Judi Dench, effortlessly affecting and endearing as Philomena

by Mark Burger

For 50 years, Philomena Lee wondered about the illegitimate son she was forced to give up for adoption by the sisters of the Irish convent where she lived as a girl. Eventually, she turned to Martin Sixsmith, a burned-out political correspondent with a career on the skids, for his advice.

This unlikely duo, chronicled in Sixsmith’s best-selling book The Lost Child of Philomena Lee, embarked on an odyssey in which neither could have foretold the outcome — a journey of discovery and self-discovery, and one that brought to light a once-common practice of adoption considered by some to be immoral, if not illegal.

The film version Philomena is not without its overly sentimental moments, but it’s balanced by genuine emotion and everpresent humor, making the journey all the more agreeable. Having Judi Dench play Philomena and Steve Coogan play Martin makes the journey a delight.

As Philomena and Martin travel two continents in search of the lost Anthony, both are compelled to reflect on their respective pasts. Despite the hardships of her youth, Philomena remains a devout Catholic. Martin, very much the lapsed Catholic, is both amused and aggravated by her adherence to religion, resulting in some lively discussions between the two.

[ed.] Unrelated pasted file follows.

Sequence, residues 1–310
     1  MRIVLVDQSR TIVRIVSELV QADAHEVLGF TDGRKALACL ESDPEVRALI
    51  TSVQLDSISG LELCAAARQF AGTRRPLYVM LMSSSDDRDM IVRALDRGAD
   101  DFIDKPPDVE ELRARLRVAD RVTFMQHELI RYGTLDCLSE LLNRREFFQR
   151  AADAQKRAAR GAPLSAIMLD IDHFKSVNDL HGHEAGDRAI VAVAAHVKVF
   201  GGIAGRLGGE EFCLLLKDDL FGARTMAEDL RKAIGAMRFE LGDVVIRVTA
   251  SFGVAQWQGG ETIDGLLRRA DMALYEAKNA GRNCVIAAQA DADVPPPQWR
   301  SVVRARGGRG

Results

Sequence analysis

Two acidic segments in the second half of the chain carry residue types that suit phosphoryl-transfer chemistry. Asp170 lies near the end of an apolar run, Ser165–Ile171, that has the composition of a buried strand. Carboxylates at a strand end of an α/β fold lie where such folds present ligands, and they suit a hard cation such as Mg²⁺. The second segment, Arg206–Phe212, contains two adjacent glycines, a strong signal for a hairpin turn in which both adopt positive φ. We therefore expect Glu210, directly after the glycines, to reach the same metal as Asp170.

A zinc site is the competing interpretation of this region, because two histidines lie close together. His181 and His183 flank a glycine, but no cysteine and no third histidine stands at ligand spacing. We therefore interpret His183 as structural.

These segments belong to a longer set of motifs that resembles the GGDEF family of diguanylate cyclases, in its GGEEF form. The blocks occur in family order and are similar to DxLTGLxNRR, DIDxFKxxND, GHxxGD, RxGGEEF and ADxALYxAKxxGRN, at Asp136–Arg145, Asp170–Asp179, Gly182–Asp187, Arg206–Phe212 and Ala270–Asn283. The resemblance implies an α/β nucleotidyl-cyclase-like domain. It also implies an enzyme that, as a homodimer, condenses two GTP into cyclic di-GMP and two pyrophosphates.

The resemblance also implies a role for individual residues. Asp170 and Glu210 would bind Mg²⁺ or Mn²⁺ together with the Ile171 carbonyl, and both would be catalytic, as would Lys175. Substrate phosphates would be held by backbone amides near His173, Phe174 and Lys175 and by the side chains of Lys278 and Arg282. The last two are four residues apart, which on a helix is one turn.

Coogan, who co-wrote the script and produced, can be outrageously funny and certainly has his share of humorous moments here, yet also offers a glimpse into his considerable dramatic capabilities. In acting terms, Philomena yields a best-case scenario: The actors bring out the best in each other.

It’s not surprising, given that the film is directed by reliable Stephen Frears, who has a knack for bringing out the best in his actors, regardless of circumstance or outcome: Oscar winner Helen Mirren in The Queen (2006), Oscar nominees Anjelica Huston and Annette Bening in The Grifters (1990), Oscar nominees Glenn Close and Michelle Pfeiffer in Dangerous Liaisons (1988), and on.

In smaller roles, Mare Winningham, Anna Maxwell Martin and Sophie Kennedy Clark (as young Philomena) perform ably, and veteran British actress Barbara Jefford is first-rate as Sister Hildegarde, the nun you love to hate. (Rest assured, Martin does… but Philomena won’t.)

Dench, who seems to amass Oscar nominations at will, is a likely contender for her work here. With those emotionfilled, pain-etched close-ups, one can hear audiences reach for their Kleenex and Academy voters reach for their ballots. Then again, she’s not a Dame for nothing — she’s a grand Dame.

Mark Burger can be heard Friday mornings on the “Two Guys Named Chris” radio show on Rock-92. Copyright 2013, Mark Burger

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